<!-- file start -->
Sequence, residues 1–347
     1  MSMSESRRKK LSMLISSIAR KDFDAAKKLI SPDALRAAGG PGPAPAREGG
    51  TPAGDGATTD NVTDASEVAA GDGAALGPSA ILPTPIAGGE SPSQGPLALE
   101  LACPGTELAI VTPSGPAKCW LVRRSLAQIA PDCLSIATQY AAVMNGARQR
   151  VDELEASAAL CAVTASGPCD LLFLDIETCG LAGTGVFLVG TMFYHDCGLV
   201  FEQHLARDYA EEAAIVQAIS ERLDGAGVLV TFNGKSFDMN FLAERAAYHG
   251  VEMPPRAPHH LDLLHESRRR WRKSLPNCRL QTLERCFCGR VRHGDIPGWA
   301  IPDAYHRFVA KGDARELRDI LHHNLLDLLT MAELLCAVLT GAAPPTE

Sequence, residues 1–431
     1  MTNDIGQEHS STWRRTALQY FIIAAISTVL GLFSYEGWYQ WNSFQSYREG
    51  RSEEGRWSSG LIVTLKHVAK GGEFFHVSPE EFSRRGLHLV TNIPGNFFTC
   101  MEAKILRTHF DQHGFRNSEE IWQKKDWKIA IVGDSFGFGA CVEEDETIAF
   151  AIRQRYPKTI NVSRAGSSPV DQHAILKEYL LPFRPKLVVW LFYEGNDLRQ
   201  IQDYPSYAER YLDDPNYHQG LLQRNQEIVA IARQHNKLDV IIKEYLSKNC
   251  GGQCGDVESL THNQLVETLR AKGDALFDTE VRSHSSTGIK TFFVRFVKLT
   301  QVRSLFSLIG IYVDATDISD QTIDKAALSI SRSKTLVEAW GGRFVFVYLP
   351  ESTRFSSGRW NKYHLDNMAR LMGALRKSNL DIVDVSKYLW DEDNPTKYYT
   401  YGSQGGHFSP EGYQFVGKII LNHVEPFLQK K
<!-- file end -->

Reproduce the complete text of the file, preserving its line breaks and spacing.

Sequence, residues 1–347
     1  MSMSESRRKK LSMLISSIAR KDFDAAKKLI SPDALRAAGG PGPAPAREGG
    51  TPAGDGATTD NVTDASEVAA GDGAALGPSA ILPTPIAGGE SPSQGPLALE
   101  LACPGTELAI VTPSGPAKCW LVRRSLAQIA PDCLSIATQY AAVMNGARQR
   151  VDELEASAAL CAVTASGPCD LLFLDIETCG LAGTGVFLVG TMFYHDCGLV
   201  FEQHLARDYA EEAAIVQAIS ERLDGAGVLV TFNGKSFDMN FLAERAAYHG
   251  VEMPPRAPHH LDLLHESRRR WRKSLPNCRL QTLERCFCGR VRHGDIPGWA
   301  IPDAYHRFVA KGDARELRDI LHHNLLDLLT MAELLCAVLT GAAPPTE

Sequence, residues 1–431
     1  MTNDIGQEHS STWRRTALQY FIIAAISTVL GLFSYEGWYQ WNSFQSYREG
    51  RSEEGRWSSG LIVTLKHVAK GGEFFHVSPE EFSRRGLHLV TNIPGNFFTC
   101  MEAKILRTHF DQHGFRNSEE IWQKKDWKIA IVGDSFGFGA CVEEDETIAF
   151  AIRQRYPKTI NVSRAGSSPV DQHAILKEYL LPFRPKLVVW LFYEGNDLRQ
   201  IQDYPSYAER YLDDPNYHQG LLQRNQEIVA IARQHNKLDV IIKEYLSKNC
   251  GGQCGDVESL THNQLVETLR AKGDALFDTE VRSHSSTGIK TFFVRFVKLT
   301  QVRSLFSLIG IYVDATDISD QTIDKAALSI SRSKTLVEAW GGRFVFVYLP
   351  ESTRFSSGRW NKYHLDNMAR LMGALRKSNL DIVDVSKYLW DEDNPTKYYT
   401  YGSQGGHFSP EGYQFVGKII LNHVEPFLQK K